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Cyclones

A cyclone is a relatively small but intense low pressure cell. Most cyclones that occur in Australia develop over warm oceans to the north and are called tropical cyclones. They usually occur from November to April. In the North Pacific Ocean cyclones are called typhoons and in the North Atlantic Ocean they are referred to as hurricanes.

Cyclones are drawn on weather maps as a series of tight circles. They have the letters “TC” with the name of the cyclone in the centre. Both male and female names are selected alphabetically. Cyclones are rated from category one to five, with five being the most severe. The weather map in Figure 3 shows a tropical cyclone approaching the coast of north-west Australia.

A cyclone is an intense low pressure storm, with gale force winds rotating clockwise around the centre or ‘eye’. Winds of over 100 km/hr are common at the leading edge of a cyclone, with wind gusts of up to 300 km/hr. The gales can produce high seas with waves over 30 metres in height. Torrential rains always accompany cyclones.

It is hard to predict where and when cyclones will cross the coast due to their erratic movement. When they do reach land they can cause severe damage, flooding and loss of life. Once they have moved inland cyclones weaken to become rain depressions. Despite the damage they cause cyclones contribute substantially to the much needed rainfall in northern Australia.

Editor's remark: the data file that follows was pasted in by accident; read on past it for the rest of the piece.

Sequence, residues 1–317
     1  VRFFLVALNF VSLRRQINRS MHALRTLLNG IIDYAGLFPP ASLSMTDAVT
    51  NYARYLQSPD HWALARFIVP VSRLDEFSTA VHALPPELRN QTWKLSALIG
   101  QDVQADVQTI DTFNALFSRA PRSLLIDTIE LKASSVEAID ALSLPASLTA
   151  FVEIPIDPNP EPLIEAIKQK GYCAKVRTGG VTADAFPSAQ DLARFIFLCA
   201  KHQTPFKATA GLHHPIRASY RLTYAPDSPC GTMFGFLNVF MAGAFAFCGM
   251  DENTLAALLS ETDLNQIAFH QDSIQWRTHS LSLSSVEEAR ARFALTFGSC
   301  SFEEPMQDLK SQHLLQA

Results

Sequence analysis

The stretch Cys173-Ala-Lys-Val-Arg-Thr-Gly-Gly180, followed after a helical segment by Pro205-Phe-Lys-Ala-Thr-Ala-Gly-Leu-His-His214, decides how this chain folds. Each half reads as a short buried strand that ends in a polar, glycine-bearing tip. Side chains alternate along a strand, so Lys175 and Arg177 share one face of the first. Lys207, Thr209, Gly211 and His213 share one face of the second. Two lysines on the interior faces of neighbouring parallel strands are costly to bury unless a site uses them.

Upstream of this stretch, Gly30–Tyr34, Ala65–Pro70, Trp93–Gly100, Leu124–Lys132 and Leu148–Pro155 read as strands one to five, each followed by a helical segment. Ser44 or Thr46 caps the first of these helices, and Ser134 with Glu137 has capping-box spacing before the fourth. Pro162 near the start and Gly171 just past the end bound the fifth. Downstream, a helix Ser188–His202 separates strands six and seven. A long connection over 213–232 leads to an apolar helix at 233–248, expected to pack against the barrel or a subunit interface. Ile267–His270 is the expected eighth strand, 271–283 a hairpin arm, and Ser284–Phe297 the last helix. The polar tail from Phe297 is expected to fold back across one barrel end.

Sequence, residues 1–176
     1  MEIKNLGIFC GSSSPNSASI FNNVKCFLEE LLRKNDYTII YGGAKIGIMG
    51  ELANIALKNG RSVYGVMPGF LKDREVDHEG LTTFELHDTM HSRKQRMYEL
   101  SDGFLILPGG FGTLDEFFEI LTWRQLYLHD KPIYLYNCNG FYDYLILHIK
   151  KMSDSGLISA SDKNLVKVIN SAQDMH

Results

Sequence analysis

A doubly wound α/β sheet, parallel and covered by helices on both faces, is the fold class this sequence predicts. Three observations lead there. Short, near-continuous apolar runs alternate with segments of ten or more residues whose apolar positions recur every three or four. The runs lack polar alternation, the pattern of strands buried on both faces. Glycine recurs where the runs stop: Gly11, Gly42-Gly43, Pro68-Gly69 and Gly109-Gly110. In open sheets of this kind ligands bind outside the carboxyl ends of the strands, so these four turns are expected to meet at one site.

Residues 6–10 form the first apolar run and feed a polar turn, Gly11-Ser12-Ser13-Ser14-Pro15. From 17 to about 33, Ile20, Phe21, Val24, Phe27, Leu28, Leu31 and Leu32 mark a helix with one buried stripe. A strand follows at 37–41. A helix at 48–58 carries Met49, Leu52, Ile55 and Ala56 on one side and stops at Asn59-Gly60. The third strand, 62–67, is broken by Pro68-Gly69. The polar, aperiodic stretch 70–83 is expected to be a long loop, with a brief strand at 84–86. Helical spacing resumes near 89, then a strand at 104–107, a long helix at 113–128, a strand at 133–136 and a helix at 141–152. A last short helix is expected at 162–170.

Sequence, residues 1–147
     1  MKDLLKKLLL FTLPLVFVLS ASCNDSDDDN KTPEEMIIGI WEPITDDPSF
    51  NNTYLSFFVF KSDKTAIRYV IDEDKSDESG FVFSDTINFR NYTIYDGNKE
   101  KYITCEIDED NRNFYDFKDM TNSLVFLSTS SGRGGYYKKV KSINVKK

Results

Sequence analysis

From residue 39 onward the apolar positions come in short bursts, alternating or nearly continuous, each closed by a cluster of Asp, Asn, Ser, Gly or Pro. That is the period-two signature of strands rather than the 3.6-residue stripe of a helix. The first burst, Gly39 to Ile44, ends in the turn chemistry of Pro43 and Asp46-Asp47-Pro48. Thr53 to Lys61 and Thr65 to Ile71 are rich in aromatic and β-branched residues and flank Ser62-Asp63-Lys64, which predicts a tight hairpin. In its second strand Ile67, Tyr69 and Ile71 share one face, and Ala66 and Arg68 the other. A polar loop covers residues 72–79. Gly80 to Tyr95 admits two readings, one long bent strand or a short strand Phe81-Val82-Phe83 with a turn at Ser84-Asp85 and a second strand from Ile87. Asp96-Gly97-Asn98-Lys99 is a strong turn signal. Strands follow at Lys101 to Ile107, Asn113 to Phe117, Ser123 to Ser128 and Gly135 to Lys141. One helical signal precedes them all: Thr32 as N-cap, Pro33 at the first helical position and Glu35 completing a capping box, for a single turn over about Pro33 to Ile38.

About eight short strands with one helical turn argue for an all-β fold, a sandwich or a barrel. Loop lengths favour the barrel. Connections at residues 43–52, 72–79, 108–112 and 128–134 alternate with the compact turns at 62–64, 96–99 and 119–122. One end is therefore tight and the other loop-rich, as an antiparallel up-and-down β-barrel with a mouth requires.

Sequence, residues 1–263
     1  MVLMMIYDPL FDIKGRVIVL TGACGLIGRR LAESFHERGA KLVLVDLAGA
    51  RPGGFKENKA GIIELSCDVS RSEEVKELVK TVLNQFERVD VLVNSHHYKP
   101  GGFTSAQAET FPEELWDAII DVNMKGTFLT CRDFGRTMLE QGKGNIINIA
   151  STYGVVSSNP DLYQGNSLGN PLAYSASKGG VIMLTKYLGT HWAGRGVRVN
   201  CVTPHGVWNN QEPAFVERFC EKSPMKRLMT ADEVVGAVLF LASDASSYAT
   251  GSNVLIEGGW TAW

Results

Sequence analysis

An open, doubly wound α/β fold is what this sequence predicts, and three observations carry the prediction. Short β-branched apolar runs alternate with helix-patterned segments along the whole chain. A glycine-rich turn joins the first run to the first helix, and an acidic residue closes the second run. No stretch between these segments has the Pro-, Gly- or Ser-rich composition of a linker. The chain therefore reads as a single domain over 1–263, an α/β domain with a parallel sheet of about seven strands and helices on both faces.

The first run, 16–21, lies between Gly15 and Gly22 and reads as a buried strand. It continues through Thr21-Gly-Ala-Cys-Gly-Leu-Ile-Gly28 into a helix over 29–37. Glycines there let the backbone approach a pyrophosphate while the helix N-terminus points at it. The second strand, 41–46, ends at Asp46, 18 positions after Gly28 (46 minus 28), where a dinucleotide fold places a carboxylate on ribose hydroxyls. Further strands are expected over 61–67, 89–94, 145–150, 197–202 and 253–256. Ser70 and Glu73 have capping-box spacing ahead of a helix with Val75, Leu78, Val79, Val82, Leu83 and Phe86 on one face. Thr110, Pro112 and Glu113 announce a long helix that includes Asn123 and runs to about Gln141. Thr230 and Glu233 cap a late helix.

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Winds

Meteorologists have a series of symbols that they use to indicate wind speed and direction. They use the data gathered from the hundreds of weather stations located around Australia. Most weather maps available on internet sites, in newspapers and on television do not show these symbols.

However, wind direction and relative speed can be determined from the isobars. Remember that air circulates clockwise around a low pressure cell and anticlockwise around a high pressure cell. The closer the isobars are together, the stronger the winds. The wind direction is given as the compass point from which the wind is blowing.

Table 1 below gives a summary of the wind direction and relative speed from points around Australia on the weather maps in Figures 3 and 4.

Table 1 - Wind speed and direction

Weather map Location Wind direction Relative wind speed
Figure 3 A Northerly Gale
Figure 3 B Easterly Moderate
Figure 3 C South-easterly Light
Figure 4 D Easterly Calm to light
Figure 4 E South-westerly Strong
Figure 4 F Southerly Strong to gale
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Rainfall

Rainfall is indicated on weather maps as a series of diagonal lines (Figure 2). This symbol is used to show both potential and current rainfall.

Rainfall can also be predicted from the isobars and pressure cells on a weather map. Intense low pressure cells coming off the ocean, such as cyclones, always bring heavy rain to coastal areas. The rain may also extend inland. Troughs are often associated with unstable weather and precipitation.

Winds blowing from the ocean onto the land are called onshore winds. These winds can bring rain if they are associated with clouds containing moisture picked up as the wind blows across water. Onshore winds also bring cooler weather.

Offshore winds blow from the land out to sea. They are usually associated with fine weather. In summer, high pressure cells over inland Australia bring hot, dry winds and the risk of bushfires.